A trainlist module may provide a list of trains that are being identified to be “fit.” LOS tools may then perform calculations to identify a “fit failure.”

A train module may contain sub-modules to identify the overlaps, to label multi occupancy, to check Yardleads, and build train constraints for fit calculation. When the train module is combined with wayside modules, a fit failure may be identified.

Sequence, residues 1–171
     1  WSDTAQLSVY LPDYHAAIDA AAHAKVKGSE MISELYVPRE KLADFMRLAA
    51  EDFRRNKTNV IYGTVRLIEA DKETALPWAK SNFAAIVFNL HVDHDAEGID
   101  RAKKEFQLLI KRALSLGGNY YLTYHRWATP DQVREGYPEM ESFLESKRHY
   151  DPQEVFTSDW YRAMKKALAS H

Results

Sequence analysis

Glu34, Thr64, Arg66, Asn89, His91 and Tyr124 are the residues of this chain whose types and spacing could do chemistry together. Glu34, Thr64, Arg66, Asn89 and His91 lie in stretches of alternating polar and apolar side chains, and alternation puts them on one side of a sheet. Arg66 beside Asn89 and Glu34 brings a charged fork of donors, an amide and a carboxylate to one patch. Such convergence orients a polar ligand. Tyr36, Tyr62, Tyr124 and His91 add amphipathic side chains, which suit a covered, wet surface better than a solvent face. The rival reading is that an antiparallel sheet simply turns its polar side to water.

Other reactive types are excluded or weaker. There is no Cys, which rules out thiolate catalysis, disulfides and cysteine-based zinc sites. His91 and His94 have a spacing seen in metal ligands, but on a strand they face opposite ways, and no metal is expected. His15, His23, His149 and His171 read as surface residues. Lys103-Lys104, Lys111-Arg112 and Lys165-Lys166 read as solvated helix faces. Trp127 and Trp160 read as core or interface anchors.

A pdfpanels module may load wayside data and generate final report pages.